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Current concise reviews of the albums by adult alternative, contemporary, and crossover artists. Images of album artwork and links to both internet-based resources are always included. Click on the title to view the article.

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Annie Crane - Jump With A Child
Jump With A Child's Heart\r\n
image © Constant Clip Records 2011

Annie Crane
Annie Crane delights her audiences
click image to visit Annie's MySpace
photo © Howard Linton 2011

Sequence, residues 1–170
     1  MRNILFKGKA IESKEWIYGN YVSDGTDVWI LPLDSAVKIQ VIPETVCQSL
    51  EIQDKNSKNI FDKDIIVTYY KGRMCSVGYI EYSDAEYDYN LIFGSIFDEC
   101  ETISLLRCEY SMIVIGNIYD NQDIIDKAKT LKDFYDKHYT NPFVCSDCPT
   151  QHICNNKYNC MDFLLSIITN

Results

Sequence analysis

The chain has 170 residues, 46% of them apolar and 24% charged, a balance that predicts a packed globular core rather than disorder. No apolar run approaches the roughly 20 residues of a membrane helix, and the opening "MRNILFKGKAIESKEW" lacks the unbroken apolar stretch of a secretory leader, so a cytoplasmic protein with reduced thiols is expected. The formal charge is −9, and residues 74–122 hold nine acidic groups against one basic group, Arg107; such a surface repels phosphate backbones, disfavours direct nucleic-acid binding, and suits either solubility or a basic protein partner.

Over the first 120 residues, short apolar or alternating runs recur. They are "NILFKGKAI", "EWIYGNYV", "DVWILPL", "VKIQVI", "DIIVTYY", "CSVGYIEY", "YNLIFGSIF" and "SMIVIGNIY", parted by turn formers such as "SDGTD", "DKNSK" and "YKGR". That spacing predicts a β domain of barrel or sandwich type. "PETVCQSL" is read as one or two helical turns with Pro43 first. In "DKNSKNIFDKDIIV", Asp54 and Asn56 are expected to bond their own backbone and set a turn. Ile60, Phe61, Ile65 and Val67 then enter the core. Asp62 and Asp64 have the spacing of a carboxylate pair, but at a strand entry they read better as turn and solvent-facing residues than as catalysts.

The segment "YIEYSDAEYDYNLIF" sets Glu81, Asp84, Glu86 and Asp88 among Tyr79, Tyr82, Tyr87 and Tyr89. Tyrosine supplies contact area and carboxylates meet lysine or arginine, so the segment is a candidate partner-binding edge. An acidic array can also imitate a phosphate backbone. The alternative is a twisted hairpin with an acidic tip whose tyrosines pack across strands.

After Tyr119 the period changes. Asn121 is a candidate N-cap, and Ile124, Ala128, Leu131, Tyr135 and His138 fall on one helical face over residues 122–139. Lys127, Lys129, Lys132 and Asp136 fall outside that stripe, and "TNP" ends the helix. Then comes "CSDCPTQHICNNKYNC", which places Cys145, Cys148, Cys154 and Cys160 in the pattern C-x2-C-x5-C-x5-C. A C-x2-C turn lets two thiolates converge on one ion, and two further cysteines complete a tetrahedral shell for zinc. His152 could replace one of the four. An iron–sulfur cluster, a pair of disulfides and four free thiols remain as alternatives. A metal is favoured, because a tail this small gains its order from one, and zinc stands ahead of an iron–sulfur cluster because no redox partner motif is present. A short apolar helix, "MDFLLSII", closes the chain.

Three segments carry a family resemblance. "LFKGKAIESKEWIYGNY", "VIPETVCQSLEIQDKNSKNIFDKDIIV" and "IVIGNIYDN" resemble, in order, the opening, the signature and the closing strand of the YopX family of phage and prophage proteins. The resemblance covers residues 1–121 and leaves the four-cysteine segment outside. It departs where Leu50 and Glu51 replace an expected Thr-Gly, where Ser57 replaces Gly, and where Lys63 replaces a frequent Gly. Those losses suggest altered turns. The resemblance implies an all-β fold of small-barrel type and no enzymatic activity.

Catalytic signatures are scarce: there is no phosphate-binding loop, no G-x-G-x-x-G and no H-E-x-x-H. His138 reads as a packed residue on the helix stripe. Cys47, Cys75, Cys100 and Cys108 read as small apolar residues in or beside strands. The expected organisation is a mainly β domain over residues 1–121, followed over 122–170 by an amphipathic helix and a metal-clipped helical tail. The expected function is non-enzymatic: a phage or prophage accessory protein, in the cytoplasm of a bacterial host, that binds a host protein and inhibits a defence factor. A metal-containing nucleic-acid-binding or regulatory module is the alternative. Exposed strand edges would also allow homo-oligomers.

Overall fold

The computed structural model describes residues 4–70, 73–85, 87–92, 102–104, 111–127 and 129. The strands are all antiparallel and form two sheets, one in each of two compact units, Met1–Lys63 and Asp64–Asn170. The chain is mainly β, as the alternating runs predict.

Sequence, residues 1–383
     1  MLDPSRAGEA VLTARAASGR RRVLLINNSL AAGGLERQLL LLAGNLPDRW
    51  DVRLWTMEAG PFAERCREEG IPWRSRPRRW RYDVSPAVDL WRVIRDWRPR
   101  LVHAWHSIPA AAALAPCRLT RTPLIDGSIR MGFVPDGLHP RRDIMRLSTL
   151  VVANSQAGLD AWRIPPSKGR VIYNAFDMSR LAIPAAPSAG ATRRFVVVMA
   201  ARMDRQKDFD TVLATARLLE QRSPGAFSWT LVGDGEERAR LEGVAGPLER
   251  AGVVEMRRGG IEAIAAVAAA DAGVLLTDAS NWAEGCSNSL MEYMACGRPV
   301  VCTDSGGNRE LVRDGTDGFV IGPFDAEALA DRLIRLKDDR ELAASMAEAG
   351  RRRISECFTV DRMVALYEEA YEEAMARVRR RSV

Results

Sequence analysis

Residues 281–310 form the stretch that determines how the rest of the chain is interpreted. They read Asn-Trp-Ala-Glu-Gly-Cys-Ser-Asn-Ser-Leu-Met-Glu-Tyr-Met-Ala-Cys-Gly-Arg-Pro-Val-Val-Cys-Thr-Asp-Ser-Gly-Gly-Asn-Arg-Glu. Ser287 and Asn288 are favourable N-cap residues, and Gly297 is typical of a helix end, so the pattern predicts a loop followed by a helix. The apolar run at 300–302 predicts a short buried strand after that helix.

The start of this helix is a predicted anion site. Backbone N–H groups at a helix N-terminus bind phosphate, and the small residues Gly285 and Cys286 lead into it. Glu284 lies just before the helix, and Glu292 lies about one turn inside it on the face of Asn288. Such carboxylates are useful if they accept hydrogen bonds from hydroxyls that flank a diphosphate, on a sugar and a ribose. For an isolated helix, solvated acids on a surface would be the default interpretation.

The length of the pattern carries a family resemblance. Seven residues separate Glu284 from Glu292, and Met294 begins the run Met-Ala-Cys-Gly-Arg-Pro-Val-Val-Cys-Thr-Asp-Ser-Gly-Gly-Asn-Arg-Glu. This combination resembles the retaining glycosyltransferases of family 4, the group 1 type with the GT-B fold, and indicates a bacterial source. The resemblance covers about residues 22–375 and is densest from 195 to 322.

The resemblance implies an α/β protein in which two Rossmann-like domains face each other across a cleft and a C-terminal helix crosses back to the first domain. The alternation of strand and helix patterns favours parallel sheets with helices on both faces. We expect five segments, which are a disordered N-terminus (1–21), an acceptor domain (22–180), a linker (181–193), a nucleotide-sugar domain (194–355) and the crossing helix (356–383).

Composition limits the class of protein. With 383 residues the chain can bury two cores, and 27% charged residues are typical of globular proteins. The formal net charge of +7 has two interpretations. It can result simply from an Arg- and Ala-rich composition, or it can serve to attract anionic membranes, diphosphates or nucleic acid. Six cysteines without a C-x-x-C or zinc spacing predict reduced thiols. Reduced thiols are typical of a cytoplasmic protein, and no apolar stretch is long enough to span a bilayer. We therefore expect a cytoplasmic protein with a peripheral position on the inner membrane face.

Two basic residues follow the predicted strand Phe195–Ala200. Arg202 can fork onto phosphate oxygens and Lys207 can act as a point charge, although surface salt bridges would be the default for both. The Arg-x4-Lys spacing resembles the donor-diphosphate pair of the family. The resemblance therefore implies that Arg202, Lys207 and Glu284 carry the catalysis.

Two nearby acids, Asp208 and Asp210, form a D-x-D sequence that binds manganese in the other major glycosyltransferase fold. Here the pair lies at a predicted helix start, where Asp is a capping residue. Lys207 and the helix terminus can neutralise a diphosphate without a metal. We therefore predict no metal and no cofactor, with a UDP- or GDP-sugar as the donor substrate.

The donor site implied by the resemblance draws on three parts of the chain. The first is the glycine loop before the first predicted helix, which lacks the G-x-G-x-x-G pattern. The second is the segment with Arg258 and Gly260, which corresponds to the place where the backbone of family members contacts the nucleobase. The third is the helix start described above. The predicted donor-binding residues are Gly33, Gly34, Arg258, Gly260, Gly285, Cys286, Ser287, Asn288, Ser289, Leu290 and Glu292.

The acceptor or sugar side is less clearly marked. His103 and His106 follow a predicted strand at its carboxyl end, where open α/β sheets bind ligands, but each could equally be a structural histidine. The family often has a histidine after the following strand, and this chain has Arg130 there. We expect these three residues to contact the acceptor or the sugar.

(03 December 2011) Americana singer/songwriter Annie Crane calls to mind folk legends Joni Mitchell, Gillian Welch and Sandy Denny and is, according to Nashville documentarian and music writer Craig Havighurst, "fashioning folk music in a modernist and urbane guise." She writes of immigrant histories and of personal love. Annie has toured internationally, spreading her voice and poetry from Copenhagen to Kentucky, from Berlin to Albany, NY, and from Paris to Nashville where she shared the stage with folk icon Emmylou Harris at the inaugural Music City Roots’ Live from the Loveless Cafe. Based in NYC, she has played some of the city’s most celebrated venues such as Rockwood Musichall, The Bitter End, Sidewalk Cafe, and The Living Room and has shared the stage with The Bowmans, The Wowz, Jill Andrews of the Everybody Fields, Au Revoir Simone, Jean Ritchie, The Trachtenburg Family Slideshow Players, and Emmylou Harris.